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Discrete truncated Wigner approach to dynamical phase transitions in Ising models after a quantum quench

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Russomanno,  Angelo
Max Planck Institute for the Physics of Complex Systems, Max Planck Society;

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Heyl,  Markus
Max Planck Institute for the Physics of Complex Systems, Max Planck Society;

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2004.09812.pdf
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Citation

Khasseh, R., Russomanno, A., Schmitt, M., Heyl, M., & Fazio, R. (2020). Discrete truncated Wigner approach to dynamical phase transitions in Ising models after a quantum quench. Physical Review B, 102(1): 014303. doi:10.1103/PhysRevB.102.014303.


Cite as: http://hdl.handle.net/21.11116/0000-0007-4357-C
Abstract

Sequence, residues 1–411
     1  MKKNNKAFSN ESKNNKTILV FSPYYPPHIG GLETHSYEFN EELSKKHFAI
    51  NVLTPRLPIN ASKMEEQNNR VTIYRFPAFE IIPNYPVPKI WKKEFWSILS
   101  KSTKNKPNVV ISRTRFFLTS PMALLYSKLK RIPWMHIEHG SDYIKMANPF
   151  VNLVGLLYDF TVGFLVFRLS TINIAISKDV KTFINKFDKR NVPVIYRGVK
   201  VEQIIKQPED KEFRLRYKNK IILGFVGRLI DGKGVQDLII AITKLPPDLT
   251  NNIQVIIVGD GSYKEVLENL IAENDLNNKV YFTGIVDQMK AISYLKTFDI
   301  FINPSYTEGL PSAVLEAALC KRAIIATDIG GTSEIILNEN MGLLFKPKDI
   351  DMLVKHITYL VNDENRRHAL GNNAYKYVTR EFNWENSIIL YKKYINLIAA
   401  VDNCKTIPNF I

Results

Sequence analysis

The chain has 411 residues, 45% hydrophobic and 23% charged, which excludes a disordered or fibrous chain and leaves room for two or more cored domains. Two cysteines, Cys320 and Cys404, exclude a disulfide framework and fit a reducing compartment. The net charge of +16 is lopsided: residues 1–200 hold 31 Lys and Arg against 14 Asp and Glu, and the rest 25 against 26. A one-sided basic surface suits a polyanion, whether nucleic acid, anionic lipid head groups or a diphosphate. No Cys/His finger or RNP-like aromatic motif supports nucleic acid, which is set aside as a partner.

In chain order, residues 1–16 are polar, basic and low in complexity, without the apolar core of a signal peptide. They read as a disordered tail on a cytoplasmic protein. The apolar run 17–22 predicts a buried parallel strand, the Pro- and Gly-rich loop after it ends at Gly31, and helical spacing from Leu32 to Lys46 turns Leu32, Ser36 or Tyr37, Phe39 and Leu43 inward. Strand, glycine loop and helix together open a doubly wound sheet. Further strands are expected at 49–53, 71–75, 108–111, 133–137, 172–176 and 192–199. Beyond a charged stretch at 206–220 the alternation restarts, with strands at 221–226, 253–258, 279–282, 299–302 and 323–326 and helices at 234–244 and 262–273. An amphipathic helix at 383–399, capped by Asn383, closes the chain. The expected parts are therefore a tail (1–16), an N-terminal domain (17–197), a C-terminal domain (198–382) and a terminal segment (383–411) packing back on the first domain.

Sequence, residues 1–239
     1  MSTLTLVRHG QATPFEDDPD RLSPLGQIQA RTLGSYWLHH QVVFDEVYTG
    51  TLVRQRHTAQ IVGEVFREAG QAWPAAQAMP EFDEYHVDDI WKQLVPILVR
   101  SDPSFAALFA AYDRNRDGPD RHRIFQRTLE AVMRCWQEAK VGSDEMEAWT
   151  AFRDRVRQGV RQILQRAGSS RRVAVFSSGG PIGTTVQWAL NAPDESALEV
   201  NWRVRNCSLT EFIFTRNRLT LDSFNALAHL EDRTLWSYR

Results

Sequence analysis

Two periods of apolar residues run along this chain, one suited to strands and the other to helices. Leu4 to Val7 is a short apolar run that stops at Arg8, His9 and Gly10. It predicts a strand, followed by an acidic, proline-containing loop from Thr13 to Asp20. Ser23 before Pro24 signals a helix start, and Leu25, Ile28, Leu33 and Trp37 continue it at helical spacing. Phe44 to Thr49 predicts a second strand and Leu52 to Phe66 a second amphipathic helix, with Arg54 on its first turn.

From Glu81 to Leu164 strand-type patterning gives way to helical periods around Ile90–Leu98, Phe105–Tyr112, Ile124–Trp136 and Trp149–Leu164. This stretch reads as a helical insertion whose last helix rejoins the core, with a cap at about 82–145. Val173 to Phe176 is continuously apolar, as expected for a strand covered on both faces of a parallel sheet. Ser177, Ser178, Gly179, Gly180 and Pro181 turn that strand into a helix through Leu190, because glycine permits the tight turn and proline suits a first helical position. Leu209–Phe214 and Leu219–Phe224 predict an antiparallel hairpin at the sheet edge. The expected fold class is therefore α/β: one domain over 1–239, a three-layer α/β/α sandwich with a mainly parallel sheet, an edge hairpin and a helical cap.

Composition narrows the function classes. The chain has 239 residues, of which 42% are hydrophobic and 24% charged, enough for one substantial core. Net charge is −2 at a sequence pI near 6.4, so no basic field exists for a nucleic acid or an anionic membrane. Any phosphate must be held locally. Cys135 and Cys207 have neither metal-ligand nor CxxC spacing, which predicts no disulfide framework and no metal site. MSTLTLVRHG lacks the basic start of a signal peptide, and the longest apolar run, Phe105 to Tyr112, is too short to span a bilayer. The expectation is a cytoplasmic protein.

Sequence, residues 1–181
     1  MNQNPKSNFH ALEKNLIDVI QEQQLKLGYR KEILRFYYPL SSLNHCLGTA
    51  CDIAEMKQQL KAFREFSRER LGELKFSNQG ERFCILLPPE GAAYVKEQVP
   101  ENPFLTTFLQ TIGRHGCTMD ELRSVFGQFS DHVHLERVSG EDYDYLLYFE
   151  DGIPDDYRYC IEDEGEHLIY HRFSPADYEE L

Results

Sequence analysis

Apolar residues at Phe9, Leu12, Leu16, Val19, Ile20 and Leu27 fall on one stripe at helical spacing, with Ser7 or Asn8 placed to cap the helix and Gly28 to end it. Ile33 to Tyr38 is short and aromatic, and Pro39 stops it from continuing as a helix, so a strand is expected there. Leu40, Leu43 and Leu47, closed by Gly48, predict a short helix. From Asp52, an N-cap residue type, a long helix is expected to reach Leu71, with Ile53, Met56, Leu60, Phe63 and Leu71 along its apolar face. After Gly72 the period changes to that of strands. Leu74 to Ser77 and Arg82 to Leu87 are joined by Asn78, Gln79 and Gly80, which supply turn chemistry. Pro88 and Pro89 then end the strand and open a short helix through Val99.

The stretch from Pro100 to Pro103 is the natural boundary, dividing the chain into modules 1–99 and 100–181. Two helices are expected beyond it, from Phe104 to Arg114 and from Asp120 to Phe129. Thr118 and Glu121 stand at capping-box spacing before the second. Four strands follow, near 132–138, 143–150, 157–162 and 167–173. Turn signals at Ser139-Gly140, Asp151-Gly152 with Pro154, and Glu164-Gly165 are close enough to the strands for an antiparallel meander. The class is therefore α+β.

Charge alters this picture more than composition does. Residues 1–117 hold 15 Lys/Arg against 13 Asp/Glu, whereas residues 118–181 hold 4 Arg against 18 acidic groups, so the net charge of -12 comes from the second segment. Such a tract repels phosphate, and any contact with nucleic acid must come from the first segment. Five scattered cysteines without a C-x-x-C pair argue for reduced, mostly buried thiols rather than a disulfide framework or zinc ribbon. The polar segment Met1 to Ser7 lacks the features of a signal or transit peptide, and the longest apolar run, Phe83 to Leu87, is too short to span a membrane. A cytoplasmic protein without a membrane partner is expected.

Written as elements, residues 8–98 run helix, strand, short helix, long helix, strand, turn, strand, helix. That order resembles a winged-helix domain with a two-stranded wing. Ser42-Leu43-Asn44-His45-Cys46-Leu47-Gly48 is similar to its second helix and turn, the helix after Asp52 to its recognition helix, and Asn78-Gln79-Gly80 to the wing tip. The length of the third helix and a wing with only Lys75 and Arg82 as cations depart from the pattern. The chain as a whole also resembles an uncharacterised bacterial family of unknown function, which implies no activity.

By means of the discrete truncated Wigner approximation, we study dynamical phase transitions arising in the steady state of transverse-field Ising models after a quantum quench. Starting from a fully polarized ferromagnetic initial condition, these transitions separate a phase with nonvanishing magnetization along the ordering direction from a disordered symmetric phase upon increasing the transverse field. We consider two paradigmatic cases, a one-dimensional long-range model with power-law interactions proportional to 1/r(alpha) decaying algebraically as a function of distance r and a two-dimensional system with short-range nearest-neighbor interactions. In the former case, we identify dynamical phase transitions for alpha less than or similar to 2 and we extract the critical exponents from a data collapse of the steady-state magnetization for up to 1200 lattice sites. We find identical exponents for alpha less than or similar to 0.5, suggesting that the dynamical transitions in this regime fall into the same universality class as the nonergodic mean-field limit. The two-dimensional Ising model is believed to be thermalizing, which we also confirm using exact diagonalization for small system sizes. Thus, the dynamical transition is expected to correspond to the thermal phase transition, which is consistent with our data upon comparing to equilibrium quantum Monte Carlo simulations. We further test the accuracy of the discrete truncated Wigner approximation by comparing against numerically exact methods such as exact diagonalization, tensor network, as well as artificial neural network states and we find good quantitative agreement on the accessible time scales. Finally, our work provides an additional contribution to the understanding of the range and the limitations of qualitative and quantitative applicability of the discrete truncated Wigner approximation.